This article was originally published on June 8, 2016 in the Hill Times.
It’s time to take a reality check on the competing claims about the “boycott Israel” (BDS) movement in Canada. For starters, let’s be clear on two things. First, the Harper government doesn’t seem bent on jailing Canadian BDS activists anytime soon, and second, the BDS movement will never bring about the “destruction” of Israel.
The assorted arguments in op-eds by Murray Dobbin for BDS, and by Mike Fegelman against BDS in The Hill Times in recent weeks contain a virtual laundry list of extreme debate devices. Between the two pieces, it’s easy to feel like there’s no middle ground for reasonable-minded Canadians. But there is.
The vast majority of Israelis are not extreme like Israel’s new justice minister Ayelet Shaked, as one might understand from Dobbin’s piece. And despite what Fegelman might say, the vast majority of BDS activists do not seek the “criminalization” of Israel.
The BDS (for “boycott, divestment, and sanctions”) movement against Israel is borne out of popular international impatience for a peace agreement to end Israel’s military occupation of Palestinian land. As Hagai El-Ad, executive director of the Israeli human rights organization B’Tselem pointed out in a New York Times editorial earlier this week, “Military occupations are meant to have an end. And common sense says half a century is not ‘temporary.’”
The BDS movement was launched only after decades of peace talks, dozens of UN resolutions, and a favourable decision by the International Court of Justice in 2004 failed to result in any tangible gains for the Palestinians. By 2005, when the movement was launched, five million Palestinians were registered as refugees, a Palestinian state still didn’t exist after more than 57 years, and most Palestinians were facing human rights abuses on a daily basis.
The demands of BDS draw from international legal precedent and existing UN resolutions. The BDS manifesto, signed by 170 Palestinian civil society organizations, seeks 1) an end to Israel’s occupation, 2) full rights for Palestinian citizens of Israel, and 3) the right of return or compensation for Palestinian refugees.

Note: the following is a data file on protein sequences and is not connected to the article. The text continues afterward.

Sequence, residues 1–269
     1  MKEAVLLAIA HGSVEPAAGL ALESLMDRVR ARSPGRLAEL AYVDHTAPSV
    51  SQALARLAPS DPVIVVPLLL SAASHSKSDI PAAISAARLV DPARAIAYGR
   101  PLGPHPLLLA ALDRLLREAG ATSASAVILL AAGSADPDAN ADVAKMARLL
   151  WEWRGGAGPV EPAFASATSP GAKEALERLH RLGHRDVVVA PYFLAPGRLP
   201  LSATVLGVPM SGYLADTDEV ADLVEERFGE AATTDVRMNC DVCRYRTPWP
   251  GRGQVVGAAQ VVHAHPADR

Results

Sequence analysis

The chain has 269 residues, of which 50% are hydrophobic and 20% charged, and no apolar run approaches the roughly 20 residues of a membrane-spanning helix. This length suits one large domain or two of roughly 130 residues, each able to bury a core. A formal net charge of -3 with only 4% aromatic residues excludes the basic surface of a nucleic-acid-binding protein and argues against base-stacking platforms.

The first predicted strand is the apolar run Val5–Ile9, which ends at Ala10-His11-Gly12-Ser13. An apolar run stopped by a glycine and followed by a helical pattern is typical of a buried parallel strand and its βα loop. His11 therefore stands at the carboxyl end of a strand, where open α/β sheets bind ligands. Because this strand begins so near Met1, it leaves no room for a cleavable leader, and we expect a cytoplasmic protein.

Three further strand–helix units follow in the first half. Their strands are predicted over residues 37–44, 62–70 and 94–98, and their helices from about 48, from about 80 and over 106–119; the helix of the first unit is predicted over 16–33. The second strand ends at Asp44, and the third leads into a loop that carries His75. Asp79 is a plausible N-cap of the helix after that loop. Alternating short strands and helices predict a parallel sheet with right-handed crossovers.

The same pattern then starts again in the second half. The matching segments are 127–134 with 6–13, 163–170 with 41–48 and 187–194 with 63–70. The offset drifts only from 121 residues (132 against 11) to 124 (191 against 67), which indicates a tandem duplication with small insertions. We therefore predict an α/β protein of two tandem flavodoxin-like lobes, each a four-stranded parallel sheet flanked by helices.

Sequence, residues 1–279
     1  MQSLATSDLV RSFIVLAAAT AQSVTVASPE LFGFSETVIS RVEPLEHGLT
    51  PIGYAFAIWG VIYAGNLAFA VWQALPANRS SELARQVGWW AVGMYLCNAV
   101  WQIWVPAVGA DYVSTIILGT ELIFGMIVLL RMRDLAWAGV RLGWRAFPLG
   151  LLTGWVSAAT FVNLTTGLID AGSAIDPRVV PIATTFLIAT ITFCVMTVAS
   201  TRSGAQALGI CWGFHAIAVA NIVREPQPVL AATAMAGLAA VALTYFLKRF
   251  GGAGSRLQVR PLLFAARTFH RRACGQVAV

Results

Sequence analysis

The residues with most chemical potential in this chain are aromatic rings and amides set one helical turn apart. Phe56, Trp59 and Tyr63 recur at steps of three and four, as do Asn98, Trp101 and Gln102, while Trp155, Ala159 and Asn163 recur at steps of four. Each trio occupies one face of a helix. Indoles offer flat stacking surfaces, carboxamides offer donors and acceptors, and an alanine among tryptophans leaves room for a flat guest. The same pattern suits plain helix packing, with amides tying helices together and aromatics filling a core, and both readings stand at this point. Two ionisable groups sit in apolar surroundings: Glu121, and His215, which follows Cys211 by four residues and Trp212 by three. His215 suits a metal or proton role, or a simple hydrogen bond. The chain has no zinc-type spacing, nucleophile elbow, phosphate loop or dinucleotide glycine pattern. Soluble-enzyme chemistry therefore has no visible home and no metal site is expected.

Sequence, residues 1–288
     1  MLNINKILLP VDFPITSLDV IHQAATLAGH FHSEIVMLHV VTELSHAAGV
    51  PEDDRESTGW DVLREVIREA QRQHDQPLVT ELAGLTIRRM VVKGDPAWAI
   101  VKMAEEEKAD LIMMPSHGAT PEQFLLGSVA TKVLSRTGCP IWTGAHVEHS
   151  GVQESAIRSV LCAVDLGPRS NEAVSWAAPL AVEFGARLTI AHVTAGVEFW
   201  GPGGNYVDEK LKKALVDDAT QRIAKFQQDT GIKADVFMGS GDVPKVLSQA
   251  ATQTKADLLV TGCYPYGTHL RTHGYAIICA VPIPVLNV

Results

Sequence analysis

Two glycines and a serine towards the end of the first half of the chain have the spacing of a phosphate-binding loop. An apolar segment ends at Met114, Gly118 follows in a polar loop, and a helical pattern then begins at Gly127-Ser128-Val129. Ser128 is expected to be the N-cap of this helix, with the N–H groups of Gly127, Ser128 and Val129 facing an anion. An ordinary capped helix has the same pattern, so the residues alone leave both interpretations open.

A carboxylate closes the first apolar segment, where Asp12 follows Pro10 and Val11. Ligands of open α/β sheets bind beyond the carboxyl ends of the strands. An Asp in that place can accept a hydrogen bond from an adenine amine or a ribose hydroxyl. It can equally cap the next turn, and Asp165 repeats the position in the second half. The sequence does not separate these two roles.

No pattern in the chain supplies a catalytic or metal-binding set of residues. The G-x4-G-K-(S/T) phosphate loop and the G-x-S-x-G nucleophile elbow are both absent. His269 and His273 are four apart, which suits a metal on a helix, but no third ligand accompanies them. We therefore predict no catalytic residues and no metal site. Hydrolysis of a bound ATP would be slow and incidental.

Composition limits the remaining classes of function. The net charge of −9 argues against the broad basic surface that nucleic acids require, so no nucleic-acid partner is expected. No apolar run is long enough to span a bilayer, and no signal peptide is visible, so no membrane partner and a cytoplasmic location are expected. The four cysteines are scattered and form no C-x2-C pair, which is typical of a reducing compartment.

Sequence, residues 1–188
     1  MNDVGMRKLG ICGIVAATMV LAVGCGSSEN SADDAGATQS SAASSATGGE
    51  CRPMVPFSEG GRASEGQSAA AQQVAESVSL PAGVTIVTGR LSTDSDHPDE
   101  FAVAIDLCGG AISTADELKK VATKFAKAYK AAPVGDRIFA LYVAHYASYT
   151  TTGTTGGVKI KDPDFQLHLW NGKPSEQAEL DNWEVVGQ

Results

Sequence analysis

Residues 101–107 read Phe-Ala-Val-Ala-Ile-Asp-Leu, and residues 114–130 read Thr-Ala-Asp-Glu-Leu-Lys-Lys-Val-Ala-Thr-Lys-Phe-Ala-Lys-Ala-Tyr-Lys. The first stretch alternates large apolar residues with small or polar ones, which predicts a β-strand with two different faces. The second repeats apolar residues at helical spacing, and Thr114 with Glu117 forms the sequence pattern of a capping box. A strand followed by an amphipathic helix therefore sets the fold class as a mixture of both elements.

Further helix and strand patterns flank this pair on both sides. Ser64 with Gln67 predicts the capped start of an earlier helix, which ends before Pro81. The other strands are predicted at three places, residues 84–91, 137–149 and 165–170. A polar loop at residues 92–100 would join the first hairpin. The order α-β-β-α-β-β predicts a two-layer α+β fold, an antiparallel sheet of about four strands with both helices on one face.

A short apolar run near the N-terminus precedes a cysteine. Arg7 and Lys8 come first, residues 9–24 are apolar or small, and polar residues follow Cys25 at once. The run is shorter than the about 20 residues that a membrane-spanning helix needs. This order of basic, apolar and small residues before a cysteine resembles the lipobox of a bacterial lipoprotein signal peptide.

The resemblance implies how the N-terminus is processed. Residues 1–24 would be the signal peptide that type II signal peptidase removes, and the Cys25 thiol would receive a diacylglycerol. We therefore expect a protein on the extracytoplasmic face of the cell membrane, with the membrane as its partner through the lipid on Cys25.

Thus, BDS is rooted in international law and is inherently non-violent. It is also eminently democratic, driven by the personal conviction of those who choose to abide by it. It targets Israel because Palestinian civil society has requested such action. And one day it will end: when Israel respects its obligations under international law.
Ultimately, BDS does not hold Israel to a higher standard than it claims for itself. There are countries that commit equal or greater human rights violations, but they do not claim a place among Western democratic nations as does Israel.
Some argue that the second and third demands of the BDS movement threaten the demographic vision for Israel held by certain people. The BDS movement, however, fittingly promotes the protection of the rights of indigenous Palestinians, with no reference to demographics. Had Canada been forced to respect the human rights of its own Indigenous peoples 150 years ago, most would agree that Canada would be stronger and richer as a country today, regardless of its demographics.
Israel’s leadership is shrewd and most pundits would probably agree that solutions will be found before BDS will ever bring Israel to its economic knees. As the BDS movement continues to grow, Israeli leaders will finally address legitimate grievances of the Palestinians that they’ve been avoiding for decades.
In fact, beyond the economic pain, it is the international shame that Israelis will feel at the threat of sanctions that will drive them back to good faith negotiations with the Palestinians. With its self-image as a “Western democracy,” Israel will be loath to suffer under international sanctions as do countries like Iran, Liberia and North Korea. Israel’s recent scramble to avoid FIFA sanctions is a likely precedent for future diplomatic problem-solving.
Most Canadians want Palestinians and Israelis to live in peace and security, side-by-side, in viable countries, with a nod to the human rights abuses suffered by the Palestinians over decades. After a half century without a solution, BDS promises to bring all this about without bloodshed. So let’s calm the rhetoric and discuss the true justifications and shortcomings of BDS for what they are.
Thomas Woodley is the president of Canadians for Justice and Peace in the Middle East, a non-profit promoting respect for human rights in the Middle East